Jockey Club means more to Hong Kong than just a place to race horses
HONG KONG — A popular saying intended to reassure residents that everything will be all right despite Hong Kong’s uncertain future with China holds that all will be well in Hong Kong as long as “the horses are still racing and the nightclubs are still dancing.”
Andrew Fan, an accountant, doesn’t pretend to be able to explain nightclub dancing, but he has no trouble expounding on the enduring impact on Hong Kong of its storied Jockey Club.
Founded in 1884, 40 years after the British filled in a swamp to create land flat enough to stage horse races in their then-new colonial possession, the Hong Kong Jockey Club has become part of the fabric of Hong Kong – part playground for the rich, part working person’s gambling parlor, part tourist attraction for Hong Kong’s millions of visitors, and very much a contributor to the social safety net of the city’s 7.2 million souls.
From controlling all legal gambling in Hong Kong to donating to over 168 charitable causes in 2013-14, the Jockey Club tries to reach out to much more than avid horse racing fans.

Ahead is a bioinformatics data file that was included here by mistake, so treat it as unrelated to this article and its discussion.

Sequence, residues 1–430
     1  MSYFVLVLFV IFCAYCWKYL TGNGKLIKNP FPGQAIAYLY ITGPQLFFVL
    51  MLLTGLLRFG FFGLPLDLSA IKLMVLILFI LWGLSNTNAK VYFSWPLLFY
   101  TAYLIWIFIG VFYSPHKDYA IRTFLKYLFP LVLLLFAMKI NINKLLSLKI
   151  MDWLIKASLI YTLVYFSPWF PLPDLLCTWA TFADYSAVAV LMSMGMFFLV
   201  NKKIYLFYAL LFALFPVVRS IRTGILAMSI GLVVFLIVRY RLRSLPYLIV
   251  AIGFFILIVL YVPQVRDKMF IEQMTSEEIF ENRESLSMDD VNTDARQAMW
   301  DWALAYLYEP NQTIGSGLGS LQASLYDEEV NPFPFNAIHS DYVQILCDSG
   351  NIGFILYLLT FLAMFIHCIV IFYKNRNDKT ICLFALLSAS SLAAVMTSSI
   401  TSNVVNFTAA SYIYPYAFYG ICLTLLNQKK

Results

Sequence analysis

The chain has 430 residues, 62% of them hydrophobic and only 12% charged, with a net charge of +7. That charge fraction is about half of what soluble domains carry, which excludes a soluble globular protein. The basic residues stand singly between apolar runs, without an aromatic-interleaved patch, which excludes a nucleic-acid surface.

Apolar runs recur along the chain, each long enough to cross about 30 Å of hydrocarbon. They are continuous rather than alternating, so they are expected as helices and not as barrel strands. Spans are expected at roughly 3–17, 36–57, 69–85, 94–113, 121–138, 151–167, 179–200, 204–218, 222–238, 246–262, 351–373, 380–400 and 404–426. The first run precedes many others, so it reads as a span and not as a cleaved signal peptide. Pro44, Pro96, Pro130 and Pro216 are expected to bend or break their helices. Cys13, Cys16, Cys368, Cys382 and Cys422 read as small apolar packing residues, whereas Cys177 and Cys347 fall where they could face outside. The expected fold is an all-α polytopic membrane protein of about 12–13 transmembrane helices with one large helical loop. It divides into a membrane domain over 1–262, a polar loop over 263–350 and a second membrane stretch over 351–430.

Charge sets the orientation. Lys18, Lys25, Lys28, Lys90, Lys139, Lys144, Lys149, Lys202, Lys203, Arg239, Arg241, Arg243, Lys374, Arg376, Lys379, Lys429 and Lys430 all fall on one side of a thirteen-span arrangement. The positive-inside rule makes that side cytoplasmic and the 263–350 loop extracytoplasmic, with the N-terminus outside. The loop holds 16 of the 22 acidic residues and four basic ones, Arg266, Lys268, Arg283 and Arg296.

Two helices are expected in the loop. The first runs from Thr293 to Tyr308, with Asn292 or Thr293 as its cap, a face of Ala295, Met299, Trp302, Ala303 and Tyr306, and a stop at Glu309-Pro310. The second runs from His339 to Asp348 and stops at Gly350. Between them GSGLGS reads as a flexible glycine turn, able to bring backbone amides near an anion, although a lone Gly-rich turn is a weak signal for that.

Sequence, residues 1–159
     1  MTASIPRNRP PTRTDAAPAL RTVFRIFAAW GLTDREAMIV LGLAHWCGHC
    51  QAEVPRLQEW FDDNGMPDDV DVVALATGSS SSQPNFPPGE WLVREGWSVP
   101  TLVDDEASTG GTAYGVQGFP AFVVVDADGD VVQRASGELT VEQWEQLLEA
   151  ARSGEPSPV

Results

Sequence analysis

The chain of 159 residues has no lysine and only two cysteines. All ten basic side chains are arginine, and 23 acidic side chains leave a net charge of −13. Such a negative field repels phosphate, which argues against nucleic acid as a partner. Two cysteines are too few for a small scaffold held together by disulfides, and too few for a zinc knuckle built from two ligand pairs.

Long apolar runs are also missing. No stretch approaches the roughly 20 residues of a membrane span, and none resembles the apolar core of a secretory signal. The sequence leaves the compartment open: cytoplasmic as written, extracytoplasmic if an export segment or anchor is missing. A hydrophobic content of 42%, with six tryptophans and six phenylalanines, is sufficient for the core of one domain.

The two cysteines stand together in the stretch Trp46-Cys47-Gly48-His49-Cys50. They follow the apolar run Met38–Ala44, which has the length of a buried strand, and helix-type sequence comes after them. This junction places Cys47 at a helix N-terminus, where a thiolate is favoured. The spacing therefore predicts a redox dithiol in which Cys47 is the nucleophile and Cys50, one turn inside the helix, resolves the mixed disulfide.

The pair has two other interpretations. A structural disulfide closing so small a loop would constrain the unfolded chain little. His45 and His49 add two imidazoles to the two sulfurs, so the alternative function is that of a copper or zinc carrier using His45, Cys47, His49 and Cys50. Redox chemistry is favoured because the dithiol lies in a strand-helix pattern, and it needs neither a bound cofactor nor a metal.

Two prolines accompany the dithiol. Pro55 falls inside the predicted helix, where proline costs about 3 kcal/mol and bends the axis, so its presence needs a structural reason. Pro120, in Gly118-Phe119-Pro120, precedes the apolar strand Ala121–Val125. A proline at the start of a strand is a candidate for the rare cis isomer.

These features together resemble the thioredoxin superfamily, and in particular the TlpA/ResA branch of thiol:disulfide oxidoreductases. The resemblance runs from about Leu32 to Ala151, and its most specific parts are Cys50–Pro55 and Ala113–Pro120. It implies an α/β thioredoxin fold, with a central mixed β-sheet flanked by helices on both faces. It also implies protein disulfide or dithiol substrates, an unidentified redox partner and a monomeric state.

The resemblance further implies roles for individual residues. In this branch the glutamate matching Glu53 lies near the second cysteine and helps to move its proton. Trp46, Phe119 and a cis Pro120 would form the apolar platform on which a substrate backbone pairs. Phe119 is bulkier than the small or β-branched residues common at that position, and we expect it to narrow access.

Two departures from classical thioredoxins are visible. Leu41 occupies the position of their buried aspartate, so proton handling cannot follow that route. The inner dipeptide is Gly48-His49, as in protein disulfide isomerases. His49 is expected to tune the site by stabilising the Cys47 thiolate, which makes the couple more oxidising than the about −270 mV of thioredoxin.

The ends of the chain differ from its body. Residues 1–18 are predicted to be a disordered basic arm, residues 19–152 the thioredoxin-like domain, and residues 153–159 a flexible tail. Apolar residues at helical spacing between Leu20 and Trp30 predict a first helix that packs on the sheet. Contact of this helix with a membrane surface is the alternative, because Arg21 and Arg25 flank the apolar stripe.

“The Jockey Club wants to involve every single person who’s interested in horse racing to join us however best fits their lifestyle,” says Fan, whose is a voting member and horse owner and whose mother Dr. Rita Fan is one of 12 stewards, or the top directors of the club.
Essential to this atmosphere is the role the club and horse racing play in helping to preserve treasured links to Hong Kong’s past as a British colony.
Even though it has been 18 years since the official handover of Hong Kong from Britain to China, evidence of the United Kingdom’s rule is everywhere. There are British accents asking you to “please mind the gap” on the subway, restaurants serving familiar Western cuisine, and cars driving on the left side of the rode.
But whether under Chinese or British rule, Hong Kong has maintained an identity unique from China or Britain.
This distinctiveness is nowhere more on displayed than at the Happy Valley racecourse, which is a 13-acre, seven-story facility that can hold 55,000 people on race days Wednesday evenings.
Whether it’s Fan sitting in his mother’s steward box on a Wednesday race night at Happy Valley racecourse with a highball glass in hand, or British owners, jockeys, veterinarians and trainers grouped together in the parade ring before a race, the course is notably different from any other in the world.